Bell Labs easily could have been placed under the shared care of the Baby Bells or become a ward of the government. Instead, it was attached to the company most vulnerable to the competitive pressures of a marketplace obsessed with short-results. That company went through multiple transformations before the last iteration as Lucent went bankrupt in the wake of the tech bubble. Bell Labs, a shadow of its former self, is now owned by Nokia. Can anyone be surprised that Nokia was one of the companies we turned to as an alternative to Huawei in the 5G battle?
China As A Feared Rival
China has become both a feared rival and a scapegoat for American failings. Its ruthless tactics, culture of cheating, and lack of human rights are among the few things politicians on all sides seem to agree on. Many of the claims have merit, while some are wildly exaggerated – Xingjian province is not in any way equivalent to the Holocaust. A more accurate example of China’s ruthlessness was its quick befriending of the Taliban after U. S. withdrawal from Afghanistan. When it comes to acquiring natural resources like those with which Afghanistan is endowed, China is utterly ruthless.
But if China’s autocratic government, its silencing of anyone who questions the party line, is at odds with American values, it doesn’t mean we can blame all our problems on China. China’s not responsible for the ever-widening inequalities here (which widened dramatically since we ditched the gold standard). Worth mentioning is that America’s slide has happened in equal measure regardless of which political party was in power.
How do we stop the slide? First, we should start cooperating with China. That likely will include participating in a new reserve currency, a basket of currencies backed by gold that China is on track to propose in the not-too-distant future. (And if I am wrong on this, we should beat them to it and propose something ourselves, anything that will impose monetary discipline on the U.S. and the rest of the world.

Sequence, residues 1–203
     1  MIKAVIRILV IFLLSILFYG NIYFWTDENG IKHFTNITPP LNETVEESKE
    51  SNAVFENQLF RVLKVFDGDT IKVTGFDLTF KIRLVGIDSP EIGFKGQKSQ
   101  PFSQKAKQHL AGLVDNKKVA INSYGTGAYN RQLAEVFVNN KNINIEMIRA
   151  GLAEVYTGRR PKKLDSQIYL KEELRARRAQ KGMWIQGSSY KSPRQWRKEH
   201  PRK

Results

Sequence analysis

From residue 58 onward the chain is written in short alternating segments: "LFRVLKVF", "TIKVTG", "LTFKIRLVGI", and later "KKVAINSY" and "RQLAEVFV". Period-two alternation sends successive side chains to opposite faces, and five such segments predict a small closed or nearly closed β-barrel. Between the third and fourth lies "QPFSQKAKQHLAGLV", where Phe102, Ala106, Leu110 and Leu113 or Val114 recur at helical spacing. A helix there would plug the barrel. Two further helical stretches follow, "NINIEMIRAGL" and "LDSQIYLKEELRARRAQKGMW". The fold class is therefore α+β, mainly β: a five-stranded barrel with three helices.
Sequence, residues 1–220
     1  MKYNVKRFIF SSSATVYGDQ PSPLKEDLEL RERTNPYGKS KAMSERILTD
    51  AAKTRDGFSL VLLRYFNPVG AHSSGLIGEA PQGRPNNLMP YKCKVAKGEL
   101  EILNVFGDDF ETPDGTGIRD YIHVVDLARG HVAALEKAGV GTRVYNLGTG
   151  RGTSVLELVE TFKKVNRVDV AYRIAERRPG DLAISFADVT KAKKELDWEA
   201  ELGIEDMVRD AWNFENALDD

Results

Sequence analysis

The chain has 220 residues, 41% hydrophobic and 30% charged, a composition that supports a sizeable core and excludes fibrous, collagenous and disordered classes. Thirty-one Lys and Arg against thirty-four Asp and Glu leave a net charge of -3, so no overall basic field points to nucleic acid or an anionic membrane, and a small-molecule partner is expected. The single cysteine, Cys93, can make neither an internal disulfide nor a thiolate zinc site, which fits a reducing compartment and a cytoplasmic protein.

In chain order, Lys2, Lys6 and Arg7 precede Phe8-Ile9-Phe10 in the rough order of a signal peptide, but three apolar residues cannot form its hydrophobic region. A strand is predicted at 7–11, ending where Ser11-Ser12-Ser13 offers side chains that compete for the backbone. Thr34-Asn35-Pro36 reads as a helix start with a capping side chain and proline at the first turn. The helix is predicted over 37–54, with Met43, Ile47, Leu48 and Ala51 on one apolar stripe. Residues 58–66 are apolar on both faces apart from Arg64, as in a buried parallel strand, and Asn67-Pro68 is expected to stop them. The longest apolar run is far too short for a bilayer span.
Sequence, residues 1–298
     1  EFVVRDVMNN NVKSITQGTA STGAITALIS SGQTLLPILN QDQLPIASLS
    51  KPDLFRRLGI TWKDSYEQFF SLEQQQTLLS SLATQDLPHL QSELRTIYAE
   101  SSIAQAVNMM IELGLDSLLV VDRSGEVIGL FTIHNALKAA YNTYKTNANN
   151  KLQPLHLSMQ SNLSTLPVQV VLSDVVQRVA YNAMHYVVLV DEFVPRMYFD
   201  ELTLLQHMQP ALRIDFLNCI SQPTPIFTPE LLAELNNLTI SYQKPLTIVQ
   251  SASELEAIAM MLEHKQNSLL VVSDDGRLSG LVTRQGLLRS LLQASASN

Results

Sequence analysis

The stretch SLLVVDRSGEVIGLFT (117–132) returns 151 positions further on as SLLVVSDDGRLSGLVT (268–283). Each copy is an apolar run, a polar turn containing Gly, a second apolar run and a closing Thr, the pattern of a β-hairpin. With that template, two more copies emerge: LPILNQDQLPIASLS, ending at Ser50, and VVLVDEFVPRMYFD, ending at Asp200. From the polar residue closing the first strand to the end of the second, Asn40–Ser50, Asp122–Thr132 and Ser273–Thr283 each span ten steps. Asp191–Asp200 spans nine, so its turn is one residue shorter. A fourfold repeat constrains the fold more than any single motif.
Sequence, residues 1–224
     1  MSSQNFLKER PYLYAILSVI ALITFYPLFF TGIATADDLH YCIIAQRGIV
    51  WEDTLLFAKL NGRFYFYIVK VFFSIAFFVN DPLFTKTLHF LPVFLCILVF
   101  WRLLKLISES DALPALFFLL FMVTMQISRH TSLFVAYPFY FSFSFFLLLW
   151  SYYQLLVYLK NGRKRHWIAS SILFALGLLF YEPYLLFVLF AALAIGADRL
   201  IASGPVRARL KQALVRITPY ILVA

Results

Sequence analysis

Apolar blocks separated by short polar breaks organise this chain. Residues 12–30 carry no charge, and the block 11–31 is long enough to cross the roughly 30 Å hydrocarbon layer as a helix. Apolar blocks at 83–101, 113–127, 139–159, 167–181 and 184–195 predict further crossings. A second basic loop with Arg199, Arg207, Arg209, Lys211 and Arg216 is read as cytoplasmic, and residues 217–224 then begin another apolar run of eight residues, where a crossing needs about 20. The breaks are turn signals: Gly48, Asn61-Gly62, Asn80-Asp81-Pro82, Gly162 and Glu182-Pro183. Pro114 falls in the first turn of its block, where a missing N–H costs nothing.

We also should cooperate with China on the existential issues the world faces, including the urgent need to transition to renewable energies. That doesn’t mean giving up even a scintilla of our sovereignty. If the world doesn’t come together, we are likely to sink together.
One final observation that might inspire some optimism: Modern science requires a highly focused empirical approach, which is particularly well suited to a Western tendency to focus on the central feature of a problem. The Asian perspective tends to be broader-based, which has its advantages but is not as conducive the kind of scientific creativity that made America great.
Father Of China’s Scientific Accomplishments Banned In U.S.
Indeed, the father of much of the foundation of China’s scientific accomplishments was Qian Xuesen, who emigrated from China to the U.S. in the 1930s. His many achievements in the U.S. included contributing to the Manhattan Project. Then, during the McCarthy era, without a shred of evidence he was blacklisted and banned from scientific activities.
So he returned to China, where he led a scientific renaissance that included the development of nuclear weapons. In his obituary, in Nature in 2009, it was noted that: “He…reminisced, with great affection, about the intellectual ethos and creative spirit fostered at Caltech. He contrasted these with China’s academic culture and science infrastructure, which he thought had not, and would not, lead to any real scientific innovation.”
I think he was right. China’s many technological accomplishments generally are a matter of improving on something already there. The U.S. is the real father of Chinese accomplishments. If the U.S. had only maintained its monetary discipline, who knows how far we might have advanced. But since we can’t go back, cooperating as we go forward could enable us to once again become top dog in finding worldwide solutions to existential problems.
And, as I said earlier, whatever happens, gold will be your only sure protection against the period of tumult that lies ahead. The only question is whether multifold gains in the metal will signal the start of a decades-long uptrend or be a warning of far more tumult to come.